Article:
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wallywalleye

Ice House Build

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I'm building an ice house and can't decide what's the best material to make it out of. I thought aluminum might be best (light weight and strong,also won't rust or rot)Has one draw back (price) it cost about 2 bucks a pound! Second choice was wood it's cheaper and easy to work with, but it's heavy and can rot. A steel frame surrounded by tin could maybe work but would rust and be heavy as well. So I'm stuck not knowing whats the best choice. I'm thinking the ice house will be 7 feet wide by 12 feet long and 6.5 tall. I'm not sure if that's too big but I would like a lot of room. ANYONE who has a suggestion please tell me what you think. I would like to get this project started soon so I can have it done before winter!! Thanks!!

[This message has been edited by wallywalleye (edited 08-15-2004).]

[This message has been edited by wallywalleye (edited 08-15-2004).]

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I would probably choose the aluminum siding in your situation although I myself choose to use steel at this time. Aluminum may not rot, but I know of two people who bought "kits" and discovered road salt had eaten holes in their aluminum siding, after less than one year. In defense of aluminum siding...it is much easier to install than the way I put my steel on. Which is something to consider also. There are times when I ask myself if the added strength of steel is really worth the labor and cursing. I really don't want to start any arguments here on which is better because what works for one person just plainly does not work for the next.The choice is yours to make. I hope you are successful with your project and get it done in time to use it this year. I firmly believe in a good strong frame first off and go from there. Troy

I just re-read your post and realized your question may have pertained to what material to use for studs. My vote goes with wood (less sweating between the interior and exterior walls.

[This message has been edited by Aqua Eye (edited 08-15-2004).]

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wallywalleye,

You didn't mention if your building a house on a crank down trailer or if you're looking to do one on skids.

I've got a 7'x12' going together right now. The floor and skids are done. It will look more like a house after labor day weekend! I'm doing 2x2 wood studs, pole barn steel siding for the walls & roof, 1.5" pink rigid insulation throughout (floor, walls, roof). Its going to be a nice little house, it may be a tad heavy but we plan on doing more sleeping in it than fishing so it'll probably stay in one spot all year. Hoping to sleep 4, it'll be cozy but we can do it. This is my first house so I'm winging it but I have an architectural design background so I think I've got a handle on a lot of the details.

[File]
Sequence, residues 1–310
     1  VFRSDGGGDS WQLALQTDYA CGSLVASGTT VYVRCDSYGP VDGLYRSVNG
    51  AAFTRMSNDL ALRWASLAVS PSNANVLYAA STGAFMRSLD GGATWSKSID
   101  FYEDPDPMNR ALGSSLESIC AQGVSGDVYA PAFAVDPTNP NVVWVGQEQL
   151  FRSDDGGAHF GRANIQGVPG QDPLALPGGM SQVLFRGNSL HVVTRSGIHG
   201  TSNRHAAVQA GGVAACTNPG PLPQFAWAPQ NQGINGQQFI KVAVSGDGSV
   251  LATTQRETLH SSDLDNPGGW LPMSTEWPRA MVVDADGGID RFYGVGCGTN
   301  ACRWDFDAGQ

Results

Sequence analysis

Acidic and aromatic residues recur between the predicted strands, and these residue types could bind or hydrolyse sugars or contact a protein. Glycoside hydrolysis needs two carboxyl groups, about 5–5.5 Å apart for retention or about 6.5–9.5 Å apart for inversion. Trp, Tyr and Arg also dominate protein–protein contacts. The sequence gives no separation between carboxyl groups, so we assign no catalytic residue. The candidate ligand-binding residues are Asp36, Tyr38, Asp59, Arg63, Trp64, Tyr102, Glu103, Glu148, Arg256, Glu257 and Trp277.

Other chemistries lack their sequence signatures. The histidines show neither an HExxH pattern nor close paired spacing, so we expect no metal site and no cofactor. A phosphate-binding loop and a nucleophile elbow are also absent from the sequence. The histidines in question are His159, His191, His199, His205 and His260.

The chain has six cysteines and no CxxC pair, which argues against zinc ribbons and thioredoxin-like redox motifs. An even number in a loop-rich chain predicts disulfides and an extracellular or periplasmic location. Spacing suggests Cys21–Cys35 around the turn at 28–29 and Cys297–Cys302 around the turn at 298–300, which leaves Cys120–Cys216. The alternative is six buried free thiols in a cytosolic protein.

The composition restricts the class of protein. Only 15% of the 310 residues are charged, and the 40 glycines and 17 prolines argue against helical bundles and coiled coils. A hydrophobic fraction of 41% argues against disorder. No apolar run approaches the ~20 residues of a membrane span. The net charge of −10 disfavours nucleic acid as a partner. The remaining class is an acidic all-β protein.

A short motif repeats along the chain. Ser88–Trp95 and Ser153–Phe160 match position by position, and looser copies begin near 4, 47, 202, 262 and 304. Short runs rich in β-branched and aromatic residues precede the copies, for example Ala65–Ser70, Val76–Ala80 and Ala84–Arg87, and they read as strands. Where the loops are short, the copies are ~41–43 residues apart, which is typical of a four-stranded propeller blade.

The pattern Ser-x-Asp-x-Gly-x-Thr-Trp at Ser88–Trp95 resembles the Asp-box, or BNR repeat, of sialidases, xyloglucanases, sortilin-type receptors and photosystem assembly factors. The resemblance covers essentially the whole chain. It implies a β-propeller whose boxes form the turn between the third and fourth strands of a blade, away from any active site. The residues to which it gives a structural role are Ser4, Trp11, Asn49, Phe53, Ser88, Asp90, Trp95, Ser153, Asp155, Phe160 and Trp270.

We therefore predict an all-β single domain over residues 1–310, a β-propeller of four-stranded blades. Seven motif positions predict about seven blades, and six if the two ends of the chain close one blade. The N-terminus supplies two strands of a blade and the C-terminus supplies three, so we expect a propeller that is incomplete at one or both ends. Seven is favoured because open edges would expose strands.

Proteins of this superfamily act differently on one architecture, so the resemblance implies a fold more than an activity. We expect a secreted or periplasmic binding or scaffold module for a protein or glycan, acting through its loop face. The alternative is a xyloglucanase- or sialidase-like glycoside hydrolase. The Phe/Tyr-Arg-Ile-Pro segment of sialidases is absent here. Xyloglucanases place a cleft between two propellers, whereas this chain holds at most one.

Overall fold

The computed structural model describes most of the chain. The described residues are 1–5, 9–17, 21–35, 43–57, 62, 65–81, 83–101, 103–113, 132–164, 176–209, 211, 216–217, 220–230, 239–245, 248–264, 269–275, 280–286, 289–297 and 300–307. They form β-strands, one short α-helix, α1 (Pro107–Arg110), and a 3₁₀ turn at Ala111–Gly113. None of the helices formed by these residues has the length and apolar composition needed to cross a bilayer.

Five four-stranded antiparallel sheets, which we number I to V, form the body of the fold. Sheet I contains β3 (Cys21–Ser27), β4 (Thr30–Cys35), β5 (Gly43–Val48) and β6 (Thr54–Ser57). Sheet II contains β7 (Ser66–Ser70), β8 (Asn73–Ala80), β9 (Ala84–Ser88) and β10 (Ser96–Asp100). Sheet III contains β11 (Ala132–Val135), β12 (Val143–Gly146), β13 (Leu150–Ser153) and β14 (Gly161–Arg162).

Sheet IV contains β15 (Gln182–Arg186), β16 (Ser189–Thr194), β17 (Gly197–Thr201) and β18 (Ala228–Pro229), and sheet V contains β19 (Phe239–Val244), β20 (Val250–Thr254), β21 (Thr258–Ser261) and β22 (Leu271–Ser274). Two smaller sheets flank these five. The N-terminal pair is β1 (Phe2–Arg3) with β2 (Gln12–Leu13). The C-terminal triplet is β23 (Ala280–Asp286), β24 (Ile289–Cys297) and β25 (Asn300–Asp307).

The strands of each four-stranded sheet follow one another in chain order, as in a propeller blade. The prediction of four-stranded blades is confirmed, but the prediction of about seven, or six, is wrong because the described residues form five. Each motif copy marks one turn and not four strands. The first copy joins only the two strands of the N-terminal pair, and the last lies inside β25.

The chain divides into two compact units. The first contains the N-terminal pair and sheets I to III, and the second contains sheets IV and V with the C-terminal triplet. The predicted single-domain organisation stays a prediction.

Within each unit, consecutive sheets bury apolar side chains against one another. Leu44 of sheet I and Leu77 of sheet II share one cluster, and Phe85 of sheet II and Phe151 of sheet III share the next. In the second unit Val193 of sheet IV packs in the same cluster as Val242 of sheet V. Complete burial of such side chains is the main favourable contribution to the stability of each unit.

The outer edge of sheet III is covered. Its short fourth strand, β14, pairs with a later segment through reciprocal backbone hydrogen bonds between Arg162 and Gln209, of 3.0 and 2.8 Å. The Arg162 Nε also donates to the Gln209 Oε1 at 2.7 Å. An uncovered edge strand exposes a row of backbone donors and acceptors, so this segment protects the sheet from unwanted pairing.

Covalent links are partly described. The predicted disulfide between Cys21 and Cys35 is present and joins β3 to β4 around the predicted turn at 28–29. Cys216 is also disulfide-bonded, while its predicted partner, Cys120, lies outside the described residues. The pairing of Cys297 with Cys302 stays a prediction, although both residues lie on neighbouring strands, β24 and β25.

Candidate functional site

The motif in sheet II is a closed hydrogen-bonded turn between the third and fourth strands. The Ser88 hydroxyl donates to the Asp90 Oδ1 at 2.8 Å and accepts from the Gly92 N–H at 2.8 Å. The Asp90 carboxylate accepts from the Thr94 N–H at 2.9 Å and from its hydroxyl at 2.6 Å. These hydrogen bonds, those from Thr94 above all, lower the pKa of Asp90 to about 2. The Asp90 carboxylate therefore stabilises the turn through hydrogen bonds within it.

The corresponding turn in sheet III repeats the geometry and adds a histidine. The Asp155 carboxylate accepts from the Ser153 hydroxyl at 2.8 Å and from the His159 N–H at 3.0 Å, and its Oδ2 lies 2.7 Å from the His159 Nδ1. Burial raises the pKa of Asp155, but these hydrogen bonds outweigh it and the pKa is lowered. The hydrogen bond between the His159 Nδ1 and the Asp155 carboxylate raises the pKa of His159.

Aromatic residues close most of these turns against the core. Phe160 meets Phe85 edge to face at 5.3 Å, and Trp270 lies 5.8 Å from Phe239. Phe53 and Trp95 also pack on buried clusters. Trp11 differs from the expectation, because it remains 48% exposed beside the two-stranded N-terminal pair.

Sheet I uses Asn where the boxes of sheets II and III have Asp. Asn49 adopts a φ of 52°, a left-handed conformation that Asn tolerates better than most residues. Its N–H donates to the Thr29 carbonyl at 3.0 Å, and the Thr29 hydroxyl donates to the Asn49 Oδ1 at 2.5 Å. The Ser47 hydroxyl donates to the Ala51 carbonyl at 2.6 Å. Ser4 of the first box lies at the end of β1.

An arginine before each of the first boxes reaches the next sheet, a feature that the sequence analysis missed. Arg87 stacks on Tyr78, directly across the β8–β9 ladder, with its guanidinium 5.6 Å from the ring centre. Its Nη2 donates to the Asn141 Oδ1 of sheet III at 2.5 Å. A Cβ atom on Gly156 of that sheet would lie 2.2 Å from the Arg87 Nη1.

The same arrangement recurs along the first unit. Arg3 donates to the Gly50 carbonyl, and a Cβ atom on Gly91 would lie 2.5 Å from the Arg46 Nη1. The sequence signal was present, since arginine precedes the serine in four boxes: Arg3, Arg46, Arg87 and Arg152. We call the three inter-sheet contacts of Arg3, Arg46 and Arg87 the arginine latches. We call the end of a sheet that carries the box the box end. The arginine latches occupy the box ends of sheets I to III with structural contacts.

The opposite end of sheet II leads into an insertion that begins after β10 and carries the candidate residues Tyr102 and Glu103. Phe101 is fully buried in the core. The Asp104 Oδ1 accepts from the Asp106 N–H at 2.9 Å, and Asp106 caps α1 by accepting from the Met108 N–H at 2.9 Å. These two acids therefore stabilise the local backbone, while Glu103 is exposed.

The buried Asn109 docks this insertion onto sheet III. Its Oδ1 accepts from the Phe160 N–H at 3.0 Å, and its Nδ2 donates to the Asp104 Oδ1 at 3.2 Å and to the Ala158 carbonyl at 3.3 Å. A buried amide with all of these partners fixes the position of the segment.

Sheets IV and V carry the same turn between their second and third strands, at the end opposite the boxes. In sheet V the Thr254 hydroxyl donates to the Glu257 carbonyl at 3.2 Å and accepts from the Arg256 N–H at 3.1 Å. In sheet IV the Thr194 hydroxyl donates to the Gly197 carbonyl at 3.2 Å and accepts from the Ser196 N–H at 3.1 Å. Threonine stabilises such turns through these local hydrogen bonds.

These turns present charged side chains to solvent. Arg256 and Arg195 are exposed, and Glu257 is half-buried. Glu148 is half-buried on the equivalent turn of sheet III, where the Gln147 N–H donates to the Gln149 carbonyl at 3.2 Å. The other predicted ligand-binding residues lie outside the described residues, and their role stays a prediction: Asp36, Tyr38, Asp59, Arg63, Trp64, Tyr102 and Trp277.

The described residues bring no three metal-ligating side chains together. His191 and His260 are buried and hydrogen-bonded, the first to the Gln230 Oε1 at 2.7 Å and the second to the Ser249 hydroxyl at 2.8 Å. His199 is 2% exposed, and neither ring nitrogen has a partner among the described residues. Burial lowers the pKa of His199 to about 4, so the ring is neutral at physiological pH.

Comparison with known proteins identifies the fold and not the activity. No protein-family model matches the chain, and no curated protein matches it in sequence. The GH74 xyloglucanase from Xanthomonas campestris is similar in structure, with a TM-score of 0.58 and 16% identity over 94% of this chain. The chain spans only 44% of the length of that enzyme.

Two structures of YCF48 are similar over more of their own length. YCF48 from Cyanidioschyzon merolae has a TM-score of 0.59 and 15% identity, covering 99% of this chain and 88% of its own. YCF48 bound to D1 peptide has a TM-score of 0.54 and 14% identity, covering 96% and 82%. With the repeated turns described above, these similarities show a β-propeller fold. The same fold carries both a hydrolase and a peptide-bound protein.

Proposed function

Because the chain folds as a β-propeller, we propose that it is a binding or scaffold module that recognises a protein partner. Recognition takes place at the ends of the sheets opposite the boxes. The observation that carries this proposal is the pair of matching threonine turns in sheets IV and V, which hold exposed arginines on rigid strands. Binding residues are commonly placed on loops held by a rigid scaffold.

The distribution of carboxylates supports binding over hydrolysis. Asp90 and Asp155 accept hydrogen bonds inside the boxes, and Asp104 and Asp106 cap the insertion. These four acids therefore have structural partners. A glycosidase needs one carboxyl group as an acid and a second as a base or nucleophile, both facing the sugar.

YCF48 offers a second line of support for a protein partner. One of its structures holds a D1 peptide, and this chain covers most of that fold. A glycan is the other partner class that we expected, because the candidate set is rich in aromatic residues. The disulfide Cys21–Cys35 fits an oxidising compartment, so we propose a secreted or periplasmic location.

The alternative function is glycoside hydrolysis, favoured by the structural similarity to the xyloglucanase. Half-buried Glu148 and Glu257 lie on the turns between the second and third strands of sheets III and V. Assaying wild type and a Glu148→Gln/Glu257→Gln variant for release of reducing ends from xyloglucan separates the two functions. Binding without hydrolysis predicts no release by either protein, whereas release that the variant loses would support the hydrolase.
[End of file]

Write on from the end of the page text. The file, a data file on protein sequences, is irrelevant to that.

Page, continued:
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It will be a trailer so I can haul a four wheeler inside, and move around some when I get to the lake. Another question I had was how thick does the ice have to be for a 7x12 ice shack? 10 inches?

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I've built a couple using 2x2 wood framing and 1/4 inch plywood, inside and out.Good compromise between strength, weight and price. One suggestion I would make before you start building. Using tape or chalk, outline the interior size of your proposed house. Then make your floor plan. Mark the door, heater, storage, etc. Then set up chairs for the number of fishermen that will be using it and have people sit in them. Do you have room to fish? How many people have to move when someone wants to go out the door? I tried this and came up with a totally different arraingement for the holes.

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I went with 1" tubing for the walls and the roof and then used 3/16 paneling on the inside walls and ceiling and then i had it urethaned on the outside and underneath. WOW, is that house warm and very light!

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hey Windy, I've been thinking about using one inch tubing too. When you built it what did you use for the floor, did you use anything on the outside to cover the sprayed insulation, I have a lot more questions about your design so maybe(if you don't mind you could post your e-mail address

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windy - where did you get it urethaned at? Did they urethane it and then put some sort of epoxy over the urethane to give it a little more durability? What was the cost of getting it urethaned?

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This wouldn't be quite as nice as one with all new materials, but has anyone used an old aluminum pick up topper as a roof? It would be pretty water proof and take care of the windows that would actually open for ventilation. Not much for insulation though. What do you think?

Deeky

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tdk and korn fish, i had a local welder make the frame for me and then i finished it but i believe he used 3" angle on the floor at least on the outside edge. I then used 5/8" plywood on the floor. My house is 10x16 and it cost about $900 for the urethane. I also had him urethane the plywood from underneath and wow is that nice and warm! You wouldnt believe how light this house is. The axle is off center but i can lift the front of the house and hook it up to the 4-wheeler no problem. I used regular Ace paint over the outside but you could use something better i suppose. Any more questions e-mail me. taggart at wiktel dot com.

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